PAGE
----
‘Other’”, Hall (1997) discusses visual culture in relation to racism. Influenced by psychoanalytically orientated concepts, such as splitting, projection, phantasy and ambivalence, Hall explores the connection between representation, difference and power in racist society. Although Hall writes specifically about the representation of Black women and men, his text provides a frame for thinking about visual representation of non-white racial categories in white society in general (see also hooks 1992). According to Hall, “stereotyping” is central for the representation of racial difference, in the sense that it is a process which “reduces, essentializes, naturalizes and fixes 'difference'” (Hall 1997, 258). By representing racial categories through stereotypes, a binary opposition is created between the white Self and the racial “Other”, which then are located in a hierarchical order, to the detriment of the latter. In this process, moreover, boundaries are created between the Self and the “Other”, exaggerating and simplifying the differences between them. Pointing out that stereotyping only occurs in a context characterised by gross inequalities of power, Hall also argues that the function of stereotypical representation of racial difference is to maintain the social and symbolic order (ibid.).
Arguing, furthermore, that phantasies—including both desire and fear—are central in racist representations of the racial “Other”, Hall observes how those racialised as non-white are trapped in a binary structure of representation.
Through the example of representation of Black men, Hall remarks that both during the period of slavery and in today’s racist society shaped by it, white men’s phantasies have implied representations of Black men as simultaneously deprived of masculinity and as hyper-masculine. Hall argues that these representations reflect white men’s fear and desire for Black men, respectively.
According to Hall, this results in Black men still having to manoeuvre a binary logic of being represented as both childlike and oversexed at the same time (p.
263). Central to these racist representations of the racial “Other” are thus the simultaneous stereotypes of the “Other” as both weak and strong. Hall argues that the depiction of the Black man as childlike—an expression of notions of Black weakness—in reality reflects the white man’s fear of the Black man; a fear to which the white man reacts by portraying the Black man as weak and thus as inferior to him. According to Hall, it is therefore important to analyse these simultaneous and ambivalent racist representations together as a whole, to understand how these phantasies are part of constructions of racial difference
(ibid.)—in other words, to explore representations of the racial “Other” and the making of racial difference, Hall asserts that it is necessary to understand that there are phantasies embedded in racial representations, some of which are not directly visible in the representation itself, but rather reflect racial phantasies circulating in society, which it might not be possible to express directly.
Hall’s observations of the ways in which the making of racial difference works through ambivalent phantasies seem to resonate with analyses of anti-Jewish racist representations. As already discussed in the chapter on previous research, phantasies about Jewish wealth and power are common in anti-Jewish rhetoric. These phantasies often take the form of conspiracy theories, in which Jews are imagined to secretly govern the world. In the outline of previous research, we also saw how Jewish men have sometimes been portrayed as effeminate and weak, in opposition to images of white “Aryan”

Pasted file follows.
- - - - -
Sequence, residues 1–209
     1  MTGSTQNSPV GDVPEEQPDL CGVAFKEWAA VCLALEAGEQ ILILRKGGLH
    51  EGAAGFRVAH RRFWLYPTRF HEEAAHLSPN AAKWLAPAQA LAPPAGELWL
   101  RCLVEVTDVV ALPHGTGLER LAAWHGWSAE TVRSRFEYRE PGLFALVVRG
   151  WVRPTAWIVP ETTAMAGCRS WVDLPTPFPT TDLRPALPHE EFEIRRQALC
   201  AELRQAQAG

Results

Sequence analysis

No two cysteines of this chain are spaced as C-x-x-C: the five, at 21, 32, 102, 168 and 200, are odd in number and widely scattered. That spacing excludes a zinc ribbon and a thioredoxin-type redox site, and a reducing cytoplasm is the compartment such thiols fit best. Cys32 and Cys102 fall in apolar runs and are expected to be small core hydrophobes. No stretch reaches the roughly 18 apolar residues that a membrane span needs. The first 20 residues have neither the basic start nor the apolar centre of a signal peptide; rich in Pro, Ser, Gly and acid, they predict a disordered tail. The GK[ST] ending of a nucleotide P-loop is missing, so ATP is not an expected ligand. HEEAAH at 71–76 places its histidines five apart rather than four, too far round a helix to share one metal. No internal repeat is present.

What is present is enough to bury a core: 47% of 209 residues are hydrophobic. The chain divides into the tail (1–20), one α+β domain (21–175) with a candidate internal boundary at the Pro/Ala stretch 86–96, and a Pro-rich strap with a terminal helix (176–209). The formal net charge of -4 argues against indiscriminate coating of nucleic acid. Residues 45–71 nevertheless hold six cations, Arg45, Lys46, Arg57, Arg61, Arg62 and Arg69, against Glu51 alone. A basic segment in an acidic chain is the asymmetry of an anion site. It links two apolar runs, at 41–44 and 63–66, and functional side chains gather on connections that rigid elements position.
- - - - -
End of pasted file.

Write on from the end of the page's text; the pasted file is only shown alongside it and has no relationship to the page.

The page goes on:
masculinities (Boyarin 1997). Through the framework provided by Hall, we can regard these contradictory depictions of Jews as both super-powerful as well as weak/effeminate as representations of racist phantasies of Jewish strength and weakness, respectively. According to Hall, then, these very different portrayals should therefore be analysed together, as part of a larger social reality, reflecting a white/“Aryan” fear and desire for the racial “Other”.
In our case, therefore, it becomes relevant to explore how stereotypical images of both Jewish strength and weakness are present in the racial representations of Jews in Fanny and Alexander.
A tripartite division of racial-religious-gendered space
I analyse the plot of Fanny and Alexander as constituted by three distinct spaces through which the protagonist, the ten-year-old boy Alexander, travels, accompanied by his younger sister Fanny. Each of these spaces has a series of racial, religious and gendered features of its own, conveying a particular relationship between the film’s Jewish and non-Jewish characters. In what follows, I will first give a short initial description of how I read these three racial-religious-gendered spaces, in order to give the reader who is unfamiliar with the film a sense of its storyline. Thereafter, I proceed to a more detailed analysis of how the Jewish characters are portrayed in each one of these identified spaces, the function of these characters for the overall development of the film, and how I analyse this in relation to racism and notions of “Swedishness”.
The first space is the universe of the Ekdahl family, revolving around its matriarch and Alexander’s grandmother, Helena. This is a bourgeois milieu in